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Egypt to construct tobacco-processing factories 

| April 23, 2015

The Egyptian government plans to construct two tobacco-processing factories in Malawi to support the country’s tobacco industry, according to the Malawi News Agency.

The Egyptian Ambassador to Malawi, Maher El-Adawy, said the construction of these factories will help spur economic growth because the crop is regarded as the country’s main forex earner.

“We have always been in a good relationship with Malawi, and we are happy to support it, especially in the tobacco industry because we know that tobacco is the main forex earner, and by doing so we will help the country’s economy to grow,” El-Adawy said.

El-Adawy also indicated that construction of the two factories will not only spark economic growth, but also aid in job creation.

“We believe the construction of the two factories will also create employment for some quarters of the Malawian society thereby helping them to improve their lives,” he said.

According to the World Bank, 90 percent of Malawi’s tobacco is exported to other countries for processing due to the country’s currently limited tobacco-processing capabilities.

“Much of our tobacco is exported for processing because we do not have the capacity to do so,” said Malawi’s minister of information, tourism and culture, Kondwani Nankhumwa. “So by having these two tobacco processing factories, Malawi will start processing the tobacco on its own and sell the products on our own for a profit.”

One factory will be built in Lilongwe; the location for the second factory is still being decided by the government. Construction of both factories is expected to begin soon, according to El-Adawy.

Malawi is one of the top 10 producers of tobacco in the world, with the crop accounting for the majority of the country’s agricultural export earnings.

Slow tobacco deliveries at Malawi’s Mzuzu Auction Floors

| April 5, 2013

The pace at which tobacco is flowing to Mzuzu Auction Floors has been described as slow just few days before the market officially opens on Monday, April 8, according to Malawi’s The Daily Times.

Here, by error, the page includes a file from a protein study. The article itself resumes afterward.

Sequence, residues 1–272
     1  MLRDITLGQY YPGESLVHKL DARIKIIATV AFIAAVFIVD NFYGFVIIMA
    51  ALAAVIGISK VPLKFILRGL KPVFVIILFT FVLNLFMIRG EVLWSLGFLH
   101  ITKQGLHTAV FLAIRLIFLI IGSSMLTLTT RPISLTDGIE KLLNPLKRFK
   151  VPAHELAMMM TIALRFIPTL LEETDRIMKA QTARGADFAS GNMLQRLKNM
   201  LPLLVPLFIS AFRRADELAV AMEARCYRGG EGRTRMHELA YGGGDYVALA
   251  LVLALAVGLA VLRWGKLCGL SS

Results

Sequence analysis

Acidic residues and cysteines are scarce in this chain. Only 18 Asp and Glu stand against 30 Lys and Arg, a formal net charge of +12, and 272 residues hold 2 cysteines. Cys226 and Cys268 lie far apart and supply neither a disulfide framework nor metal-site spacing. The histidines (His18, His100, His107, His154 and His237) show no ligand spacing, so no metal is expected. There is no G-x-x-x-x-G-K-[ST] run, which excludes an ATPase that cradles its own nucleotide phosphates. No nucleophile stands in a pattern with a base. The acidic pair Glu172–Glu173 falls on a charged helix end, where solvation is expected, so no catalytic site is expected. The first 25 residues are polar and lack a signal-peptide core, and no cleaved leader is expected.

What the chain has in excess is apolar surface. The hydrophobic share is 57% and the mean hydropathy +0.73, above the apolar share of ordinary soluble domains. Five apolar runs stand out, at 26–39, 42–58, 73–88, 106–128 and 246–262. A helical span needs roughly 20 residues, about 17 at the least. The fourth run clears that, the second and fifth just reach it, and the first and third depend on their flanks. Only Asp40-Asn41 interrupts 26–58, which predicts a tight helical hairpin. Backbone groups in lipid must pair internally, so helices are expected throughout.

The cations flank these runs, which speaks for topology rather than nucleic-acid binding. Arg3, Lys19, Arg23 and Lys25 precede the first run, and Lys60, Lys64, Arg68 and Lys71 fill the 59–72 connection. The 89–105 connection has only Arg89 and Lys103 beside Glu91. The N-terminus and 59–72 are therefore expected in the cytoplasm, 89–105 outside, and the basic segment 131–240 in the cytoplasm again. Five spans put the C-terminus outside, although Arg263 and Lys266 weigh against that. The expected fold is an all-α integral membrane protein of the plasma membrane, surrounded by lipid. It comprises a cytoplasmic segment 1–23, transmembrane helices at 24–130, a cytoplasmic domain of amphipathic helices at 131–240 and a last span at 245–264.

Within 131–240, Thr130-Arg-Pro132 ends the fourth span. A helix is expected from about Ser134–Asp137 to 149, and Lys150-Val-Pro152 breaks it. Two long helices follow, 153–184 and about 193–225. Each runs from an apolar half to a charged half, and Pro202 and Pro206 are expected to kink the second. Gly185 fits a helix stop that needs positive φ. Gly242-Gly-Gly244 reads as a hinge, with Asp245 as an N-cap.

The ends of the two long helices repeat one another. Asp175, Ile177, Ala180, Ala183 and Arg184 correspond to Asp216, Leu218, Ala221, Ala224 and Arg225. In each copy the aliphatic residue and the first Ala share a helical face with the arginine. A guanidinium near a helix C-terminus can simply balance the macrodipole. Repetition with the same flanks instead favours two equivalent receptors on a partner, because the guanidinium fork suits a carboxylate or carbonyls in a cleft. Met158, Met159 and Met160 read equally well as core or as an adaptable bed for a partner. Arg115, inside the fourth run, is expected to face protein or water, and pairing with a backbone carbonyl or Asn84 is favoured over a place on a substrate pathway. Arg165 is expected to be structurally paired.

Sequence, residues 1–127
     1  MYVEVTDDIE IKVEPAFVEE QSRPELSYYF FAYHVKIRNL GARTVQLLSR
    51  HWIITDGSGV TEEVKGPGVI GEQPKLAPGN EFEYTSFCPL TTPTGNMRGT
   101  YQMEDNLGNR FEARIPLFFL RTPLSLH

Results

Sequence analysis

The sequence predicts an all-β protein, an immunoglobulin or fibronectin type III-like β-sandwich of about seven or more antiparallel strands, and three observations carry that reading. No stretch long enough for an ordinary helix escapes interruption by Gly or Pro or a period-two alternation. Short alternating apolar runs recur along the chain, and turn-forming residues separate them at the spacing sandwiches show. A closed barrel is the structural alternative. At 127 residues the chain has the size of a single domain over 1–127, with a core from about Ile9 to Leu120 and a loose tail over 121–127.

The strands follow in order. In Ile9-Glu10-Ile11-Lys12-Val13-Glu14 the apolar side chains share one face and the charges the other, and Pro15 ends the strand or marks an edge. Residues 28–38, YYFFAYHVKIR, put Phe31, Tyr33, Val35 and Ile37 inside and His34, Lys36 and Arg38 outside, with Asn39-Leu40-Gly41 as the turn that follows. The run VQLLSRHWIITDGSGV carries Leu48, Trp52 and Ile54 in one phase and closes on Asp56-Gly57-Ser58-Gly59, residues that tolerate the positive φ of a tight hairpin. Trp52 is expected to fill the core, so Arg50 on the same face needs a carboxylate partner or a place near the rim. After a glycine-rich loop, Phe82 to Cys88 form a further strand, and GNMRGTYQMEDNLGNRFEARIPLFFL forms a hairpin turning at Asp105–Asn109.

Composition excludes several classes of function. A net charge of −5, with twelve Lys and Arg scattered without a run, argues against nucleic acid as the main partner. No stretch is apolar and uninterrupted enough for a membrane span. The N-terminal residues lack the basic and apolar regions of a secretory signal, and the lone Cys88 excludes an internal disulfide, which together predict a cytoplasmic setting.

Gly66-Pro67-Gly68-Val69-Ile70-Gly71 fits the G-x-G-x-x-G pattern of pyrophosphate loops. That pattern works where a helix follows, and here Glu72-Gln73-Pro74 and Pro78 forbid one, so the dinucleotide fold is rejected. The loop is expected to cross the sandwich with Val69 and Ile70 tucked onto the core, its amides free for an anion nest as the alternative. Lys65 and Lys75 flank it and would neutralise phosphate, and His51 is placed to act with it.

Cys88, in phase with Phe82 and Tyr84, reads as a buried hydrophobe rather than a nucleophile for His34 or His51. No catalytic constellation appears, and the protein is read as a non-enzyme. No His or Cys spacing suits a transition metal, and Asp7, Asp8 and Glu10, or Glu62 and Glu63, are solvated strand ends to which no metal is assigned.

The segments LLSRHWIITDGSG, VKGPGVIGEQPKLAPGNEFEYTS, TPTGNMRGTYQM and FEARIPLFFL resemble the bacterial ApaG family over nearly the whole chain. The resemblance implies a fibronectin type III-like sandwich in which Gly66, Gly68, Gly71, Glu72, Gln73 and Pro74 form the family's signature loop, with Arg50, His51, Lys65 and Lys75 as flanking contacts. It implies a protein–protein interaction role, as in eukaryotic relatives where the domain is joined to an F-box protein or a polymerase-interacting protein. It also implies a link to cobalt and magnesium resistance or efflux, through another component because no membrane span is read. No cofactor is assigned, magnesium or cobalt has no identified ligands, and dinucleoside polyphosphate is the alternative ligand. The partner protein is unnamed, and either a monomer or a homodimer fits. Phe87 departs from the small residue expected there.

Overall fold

Mzuzu Auction Floors Assistant Manager Joseph Kawinga said the pace of tobacco deliveries is low as most farmers are still processing their leaf.

He said by Tuesday, the floors had received around 137 bales. He, however, remained optimistic that the numbers should pick up as the official opening draws close.

He allayed fears that the low traffic signals the decline in production of the green gold, the country’s top foreign exchange earner, which currently battles anti-smoking lobbies from international groups including the World Health Organization. Kawinga maintained that farmers are not shunning the crop arguing that the floors will meet its targeted tobacco tonnage.

Malawi commits to tackling child labor

| September 17, 2012

During a recent conference in Lilongwe, Malawi’s government and other stakeholders endorsed a plan to eliminate child labor in agriculture. Malawi’s child labor incidence is among the highest in southern Africa.

Held Sept. 4-6, the Malawi National Conference on Child Labor in Agriculture was the first of its kind in Malawi. The event was convened by the Ministry of Labor and sponsored by the Eliminating Child Labor in Tobacco Growing Foundation (ECLT Foundation) in partnership with the International Labor Organization.

Themed “Our Children, Our Future,” the event drew more than 350 government representatives, agricultural stakeholders, members of labor organizations, business, civil society and NGOs—and children.

In her opening address, Malawi’s president, Joyce Banda, called for synergy among all stakeholders to end child labor. “I will not let children continue working in these estates instead of concentrating on their studies. And to you who are employing these kids, it is my humble plea that you stop such acts to give room to these children to be future leaders,” she said.

Under the banner “Anything for us, without us, is against us,” 40 children from Malawi’s agricultural industries presented recommendations for ending child labor.

The conference resulted in sector-by-sector agreement to actions to be implemented by 2016 and the Malawi government’s charge to conduct a National Child Labor Survey to map child labor and the effectiveness of programs in place to stop it.

More information about the initiative is available at http://www.malawichildlabourconference.com.